Hurricane Katrina was the costliest hurricane in U.S. history. Most of us still have in our heads images of the flooding of New Orleans and its neighboring parishes, and the suffering of people stranded in their devastated city. We also have opinions about the failure of local, state and national government agencies to prevent and respond to the disaster.
In Nine Lives, Dan Baum tries to help us understand what the disaster meant for the people of New Orleans, how they feel about the slow rebuilding of their city, how they deal with political corruption and incompetence, and what they lost in economic, cultural and human terms. “[T]he nine intertwined life stories” in his book, Baum explains, are his “attempt to convey what is unique and worth saving in New Orleans.”
Baum’s nine principal informants, as he describes them, include “a retired streetcar-track repairman from the Lower Ninth Ward, a transsexual bar owner from St. Claude Avenue and the jazz-playing parish coroner, a white cop from Lakeview and a black jailbird from the Goose.” Their stories give us a feel for their neighborhoods as communities with diverse ethnic and racial compositions, distinctive local cultures and value systems, and different degrees of importance to the local, state and federal governments.
Nine Lives is not a standard oral history. Baum did interview his informants, and they “unpack[ed] their innermost moments for a stranger. … They invited me into their heads and hearts, so that seemed to be the best place from which to tell their stories.” But of Baum’s nine informants, only the “black jailbird,” Anthony Wells, an off-and-on addict, has his story told in direct quotations.
The other eight are told in the manner of historical fiction. Baum explains: “I have re-created scenes and dialogue based upon what my sources told me. I put words to thoughts and feelings that, during the months working on this, were laid bare by these remarkably candid people.” Baum admits that he changed the names of “three peripheral characters to avoid hurt feelings,” but he assures us that “nothing here is invented out of whole cloth.” Note that Baum speaks of real people here as “characters.”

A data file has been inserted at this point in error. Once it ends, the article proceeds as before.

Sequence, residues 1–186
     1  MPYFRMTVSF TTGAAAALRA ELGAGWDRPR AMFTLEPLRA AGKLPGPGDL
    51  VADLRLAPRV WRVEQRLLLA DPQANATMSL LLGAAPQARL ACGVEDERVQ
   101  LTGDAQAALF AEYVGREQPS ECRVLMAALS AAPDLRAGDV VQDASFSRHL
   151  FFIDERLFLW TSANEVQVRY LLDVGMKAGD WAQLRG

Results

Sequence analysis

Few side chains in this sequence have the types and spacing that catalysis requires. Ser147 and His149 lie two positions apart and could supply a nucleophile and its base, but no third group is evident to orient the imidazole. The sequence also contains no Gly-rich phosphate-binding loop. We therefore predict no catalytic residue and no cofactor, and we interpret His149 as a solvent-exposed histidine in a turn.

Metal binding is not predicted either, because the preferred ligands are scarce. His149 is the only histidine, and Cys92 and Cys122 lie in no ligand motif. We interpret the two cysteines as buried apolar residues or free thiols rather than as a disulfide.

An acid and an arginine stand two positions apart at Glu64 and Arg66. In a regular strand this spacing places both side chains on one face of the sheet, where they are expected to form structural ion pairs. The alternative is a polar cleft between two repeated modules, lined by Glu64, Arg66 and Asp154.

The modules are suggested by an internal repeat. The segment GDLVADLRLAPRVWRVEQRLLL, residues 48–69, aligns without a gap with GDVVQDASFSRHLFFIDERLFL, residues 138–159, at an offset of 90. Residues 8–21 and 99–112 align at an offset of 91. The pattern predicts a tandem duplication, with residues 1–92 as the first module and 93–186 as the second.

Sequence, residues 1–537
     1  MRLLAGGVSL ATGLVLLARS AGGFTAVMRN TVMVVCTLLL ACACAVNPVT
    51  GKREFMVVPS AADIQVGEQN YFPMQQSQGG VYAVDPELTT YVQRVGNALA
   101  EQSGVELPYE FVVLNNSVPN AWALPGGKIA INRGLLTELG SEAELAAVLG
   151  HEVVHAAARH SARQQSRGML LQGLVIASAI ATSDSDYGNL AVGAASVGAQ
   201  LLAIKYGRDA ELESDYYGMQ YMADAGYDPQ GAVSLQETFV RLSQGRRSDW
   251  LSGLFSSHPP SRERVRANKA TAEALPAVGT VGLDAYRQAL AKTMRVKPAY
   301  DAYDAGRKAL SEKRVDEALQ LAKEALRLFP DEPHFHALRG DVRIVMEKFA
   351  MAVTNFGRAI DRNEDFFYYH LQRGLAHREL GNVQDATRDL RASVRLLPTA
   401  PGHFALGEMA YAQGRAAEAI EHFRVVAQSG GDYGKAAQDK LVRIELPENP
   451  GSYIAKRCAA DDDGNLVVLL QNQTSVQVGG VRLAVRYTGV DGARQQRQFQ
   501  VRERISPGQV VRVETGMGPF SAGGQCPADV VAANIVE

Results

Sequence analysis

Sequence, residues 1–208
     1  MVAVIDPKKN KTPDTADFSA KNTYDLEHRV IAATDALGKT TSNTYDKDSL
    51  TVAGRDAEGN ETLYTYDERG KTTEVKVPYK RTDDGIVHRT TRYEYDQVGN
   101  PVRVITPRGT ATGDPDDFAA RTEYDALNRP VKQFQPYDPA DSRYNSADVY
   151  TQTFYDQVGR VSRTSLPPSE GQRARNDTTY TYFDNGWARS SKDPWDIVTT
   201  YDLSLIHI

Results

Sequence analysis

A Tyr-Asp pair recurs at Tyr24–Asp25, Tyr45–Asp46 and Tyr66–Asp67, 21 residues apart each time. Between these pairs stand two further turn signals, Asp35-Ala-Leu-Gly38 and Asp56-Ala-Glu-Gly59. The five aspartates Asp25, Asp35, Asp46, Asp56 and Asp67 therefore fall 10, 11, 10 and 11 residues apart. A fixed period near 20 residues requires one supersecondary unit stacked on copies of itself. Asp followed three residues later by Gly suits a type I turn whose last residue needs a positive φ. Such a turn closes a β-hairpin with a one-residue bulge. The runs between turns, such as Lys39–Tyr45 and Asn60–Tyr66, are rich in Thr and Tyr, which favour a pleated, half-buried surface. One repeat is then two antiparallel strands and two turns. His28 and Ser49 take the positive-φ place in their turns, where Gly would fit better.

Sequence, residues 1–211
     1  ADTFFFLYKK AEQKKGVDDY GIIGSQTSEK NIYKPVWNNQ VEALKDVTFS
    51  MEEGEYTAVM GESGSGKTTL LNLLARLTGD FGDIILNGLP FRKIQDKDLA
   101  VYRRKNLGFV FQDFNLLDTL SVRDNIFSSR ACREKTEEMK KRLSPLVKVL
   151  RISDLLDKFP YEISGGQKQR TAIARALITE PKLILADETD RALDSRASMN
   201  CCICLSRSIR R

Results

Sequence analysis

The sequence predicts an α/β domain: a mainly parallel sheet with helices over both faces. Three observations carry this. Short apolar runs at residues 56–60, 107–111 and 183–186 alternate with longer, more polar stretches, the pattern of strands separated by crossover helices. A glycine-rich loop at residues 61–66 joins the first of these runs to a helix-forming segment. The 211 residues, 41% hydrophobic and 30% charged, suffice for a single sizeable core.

The result does for New Orleans what John Berendt’s Midnight in the Garden of Good and Evil did for Savannah. It gives us a good sense of what made New Orleans special well before Katrina hit and why its people have responded as they have to death and destruction, and to the much-delayed help in rescuing them and in rebuilding their city. Baum’s narrative begins with older informants shortly after Hurricane Betsy sent floodwaters into the city in September 1965. The stories continue up to 2007, two years after Katrina.
We get to know these individuals and the city they still call home. We get to understand what they mean when they tell Baum that New Orleans wasn’t and isn’t “the worst-organized city in the United States,” but “the best-organized city in the Caribbean.” We get a feel for life among the poorest residents of the neglected Ninth Ward and its large, almost rural, “jungly lots.” We come to understand the peculiar outlooks of New Orleans’ social and political elite, both established families and arrivistes like Billy Grace, Baum’s “millionaire king of carnival” who lives at 2525 St. Charles Avenue, one of the most important addresses in the New Orleanian social register. Every year during Mardi Gras, this stately old house hosts a formal toast to the carnival Rex of 1907. Continuing this tradition was almost as important in reviving New Orleans’ public spirit as rebuilding the city’s infrastructure.
Through Baum’s stories, we also get a feel for New Orleans’ native myths, and its attitudes toward skin color, wealth, class, gender, sexual identity, religion, education, opportunity and power. This is a big list, but Nine Lives delivers insights into each.
One myth, especially, now finds itself challenged, if not shattered, for many residents, black and white, rich and poor. Before Katrina, according to Baum’s informants, citizens would mix at times across social, political and economic barriers and color lines with little wariness and without outright antagonism or deep misunderstanding. Many New Orleanians wanted to believe that in their city, differences of wealth, power, status and color never outweighed respect for basic human dignity. After Katrina, none of Baum’s informants believes that.